THE CHERRY ORCHARD
By Anton Chekhov
in an English version by Trevor Griffiths
from a translation by Helen Rappaport.
3 Stars ***
The Arcola Theatre, 24 Ashwin Street, Dalston, London E8 3DL to 25 March 2017.
Mon – Sat 7.30pm. Mat Sat 3pm.
Runs 2hr 30 mins One interval.
TICKETS: 020 7503 1646.
Review: William Russell 21 February
Distinctly over ripe cherries
Writing about the play he has crafted from Chekhov Trevor Griffiths said he felt its meanings had been seriously betrayed here by directors clinging wilfully to the idea the play was an elegy for the decline of civilisation. He did not read the history of the period – the play dates from 1904 – in that way, and neither did he read the play that way. He wanted to create the space for a new idea of it.
This presumably is why director Mehmet Ergen has decided to stage it in modern dress. The result is really rather awkward. The family is on the brink of destruction, society is heading for change – although the revolution Chekhov clearly felt was coming was not the one that did turn up. But if the change of costume – the set is non specific, some chairs, a bookcase and a barren tree looming over the acting space – was meant to make it all more relevant to today, also a time of great change, it does not work.
As they worry about the outcome of the auction of the estate you sit there thinking where are the mobile phones? Why are they not looking it up on line? And when they depart at the end for Paris by train you think nobody would do that now. They would fly. It would be cheaper for a start.
Nor is there any reason why today anybody would wear a bunch of keys at their belt like the stay at home daughter Varya, other than that she can throw them at the feet of the man who refuses to ask her to marry him after he has bought the estate. All that may sound trivial but it is things like that which undermine the suspension of disbelief any theatrical performance demands and never before with this play has that happened. The goings on are happening in some peculiar limbo.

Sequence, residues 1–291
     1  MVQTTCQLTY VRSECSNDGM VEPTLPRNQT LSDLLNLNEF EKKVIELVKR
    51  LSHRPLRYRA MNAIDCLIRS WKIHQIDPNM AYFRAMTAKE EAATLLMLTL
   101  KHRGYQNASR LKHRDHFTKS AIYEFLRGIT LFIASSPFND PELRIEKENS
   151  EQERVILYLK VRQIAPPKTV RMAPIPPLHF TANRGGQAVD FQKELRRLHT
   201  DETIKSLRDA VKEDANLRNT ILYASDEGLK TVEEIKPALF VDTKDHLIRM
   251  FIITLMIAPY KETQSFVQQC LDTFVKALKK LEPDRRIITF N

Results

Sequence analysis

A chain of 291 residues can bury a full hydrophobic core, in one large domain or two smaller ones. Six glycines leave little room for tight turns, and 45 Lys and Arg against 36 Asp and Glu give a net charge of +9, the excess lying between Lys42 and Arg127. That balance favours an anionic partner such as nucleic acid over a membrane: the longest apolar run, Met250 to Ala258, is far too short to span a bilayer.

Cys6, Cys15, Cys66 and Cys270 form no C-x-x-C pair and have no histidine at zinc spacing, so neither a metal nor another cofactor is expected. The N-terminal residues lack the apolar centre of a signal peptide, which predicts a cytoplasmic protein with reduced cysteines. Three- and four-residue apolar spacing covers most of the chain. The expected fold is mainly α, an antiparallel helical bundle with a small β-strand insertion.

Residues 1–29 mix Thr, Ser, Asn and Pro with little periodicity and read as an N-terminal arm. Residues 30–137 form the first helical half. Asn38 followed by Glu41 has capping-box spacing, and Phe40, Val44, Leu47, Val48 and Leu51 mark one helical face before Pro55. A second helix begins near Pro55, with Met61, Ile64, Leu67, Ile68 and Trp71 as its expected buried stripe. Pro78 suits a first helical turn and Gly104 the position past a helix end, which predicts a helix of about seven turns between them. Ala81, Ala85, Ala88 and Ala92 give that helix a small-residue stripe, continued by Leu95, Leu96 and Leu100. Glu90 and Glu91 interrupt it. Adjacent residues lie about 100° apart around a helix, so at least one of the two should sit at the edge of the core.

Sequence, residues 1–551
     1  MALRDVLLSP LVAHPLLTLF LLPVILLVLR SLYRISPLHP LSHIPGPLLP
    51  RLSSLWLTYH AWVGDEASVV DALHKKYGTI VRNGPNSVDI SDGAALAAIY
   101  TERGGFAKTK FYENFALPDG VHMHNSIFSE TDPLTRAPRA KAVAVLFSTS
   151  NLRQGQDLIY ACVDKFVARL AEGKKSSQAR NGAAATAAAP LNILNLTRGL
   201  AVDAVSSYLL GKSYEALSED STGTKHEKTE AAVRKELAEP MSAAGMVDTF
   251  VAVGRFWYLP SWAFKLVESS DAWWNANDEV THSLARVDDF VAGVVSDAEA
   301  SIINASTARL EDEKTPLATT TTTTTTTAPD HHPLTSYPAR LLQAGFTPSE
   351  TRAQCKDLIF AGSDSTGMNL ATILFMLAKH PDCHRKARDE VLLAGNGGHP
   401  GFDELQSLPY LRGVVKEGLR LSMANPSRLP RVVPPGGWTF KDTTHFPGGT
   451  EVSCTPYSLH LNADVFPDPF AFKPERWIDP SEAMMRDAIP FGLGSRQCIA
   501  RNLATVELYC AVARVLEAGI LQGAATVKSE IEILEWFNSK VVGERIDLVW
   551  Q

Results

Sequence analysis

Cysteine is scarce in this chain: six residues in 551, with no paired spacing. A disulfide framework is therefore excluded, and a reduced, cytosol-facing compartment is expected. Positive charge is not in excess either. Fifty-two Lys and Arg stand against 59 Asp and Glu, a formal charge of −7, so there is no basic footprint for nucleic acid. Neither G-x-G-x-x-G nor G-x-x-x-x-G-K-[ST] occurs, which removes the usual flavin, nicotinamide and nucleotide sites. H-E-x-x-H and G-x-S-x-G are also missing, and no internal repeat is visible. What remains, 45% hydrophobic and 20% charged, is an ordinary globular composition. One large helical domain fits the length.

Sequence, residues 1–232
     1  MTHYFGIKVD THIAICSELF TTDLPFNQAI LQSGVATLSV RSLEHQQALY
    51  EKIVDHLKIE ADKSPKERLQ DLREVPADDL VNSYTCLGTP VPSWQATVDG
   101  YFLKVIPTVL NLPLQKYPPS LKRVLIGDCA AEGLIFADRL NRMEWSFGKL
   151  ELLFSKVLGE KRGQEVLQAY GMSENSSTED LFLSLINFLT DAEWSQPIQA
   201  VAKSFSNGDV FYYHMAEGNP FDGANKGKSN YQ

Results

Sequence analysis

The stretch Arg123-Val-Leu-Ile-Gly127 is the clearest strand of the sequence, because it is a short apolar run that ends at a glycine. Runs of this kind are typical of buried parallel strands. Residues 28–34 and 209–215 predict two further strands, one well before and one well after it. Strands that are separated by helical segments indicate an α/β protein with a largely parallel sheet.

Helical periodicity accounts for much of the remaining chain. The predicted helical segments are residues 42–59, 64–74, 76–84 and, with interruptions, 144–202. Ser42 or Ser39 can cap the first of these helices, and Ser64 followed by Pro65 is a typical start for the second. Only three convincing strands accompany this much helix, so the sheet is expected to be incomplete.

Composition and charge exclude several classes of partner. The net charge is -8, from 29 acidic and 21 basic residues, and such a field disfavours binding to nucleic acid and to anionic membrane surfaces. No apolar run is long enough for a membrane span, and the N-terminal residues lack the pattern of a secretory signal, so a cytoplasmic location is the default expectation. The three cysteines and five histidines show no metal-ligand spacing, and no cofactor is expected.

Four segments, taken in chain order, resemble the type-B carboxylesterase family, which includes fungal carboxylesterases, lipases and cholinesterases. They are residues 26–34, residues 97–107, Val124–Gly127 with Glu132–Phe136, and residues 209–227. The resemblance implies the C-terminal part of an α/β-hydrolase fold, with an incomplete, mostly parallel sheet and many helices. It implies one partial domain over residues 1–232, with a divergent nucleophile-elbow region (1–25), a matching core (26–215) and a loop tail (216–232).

There is also some very strange behavious by the servants, whose familiarity with their masters really passes even today’ democratic bounds. At moments it looks and sounds a bit like Carry on Down the Dnieper especially when the housemaid and the valet are getting down to enjoying life.
The cast is sound and the production’s failings are not their fault. Sian Thomas is a suitably flighty and silly Madame Ranevsky in a series of no underwear skin tight gowns, Jack Klaff is amusingly foolish as her idle brother Gayev and Jude Akuwudike is a decent Lopakhin, the serf made good.
Somewhere along the way Chekhov has disappeared. Maybe it is wrong to view the play as an elegy for a vanishing way of life, but whatever view Griffiths had is far from clear from Ergen’s production. It could just be a case of one cherry orchard too many, but this is a peculiar and far from satisfactory reading of the play. Chekhov, however, will survive.
Lopakhin: Jude Akuwudike.
Anya: Pernille Broch.
Pischick: Jim Bywater.
Charlotte: Baris Celiloglu.
Trofimov: Abhin Galeya.
Firs: Robin Hooper.
Gayef: Jack Klaff.
Epikhodov: Simon Scardifield.
Mme Ranevsky: Sian Thomas.
Stranger: Nick Voyla.
Yasha: Ryan Wichert.
Varya: Jade Williams.
Dunyasha: Lily Wood.
Director: Mehmet Ergen.
Design: Iona McLeish.
Lighting Design: David Howe.
Sound Design: Neil McKeown.
Choreography: Depi Gorgogianni.
Costume Supervisor: Emma Marguerite Lynch.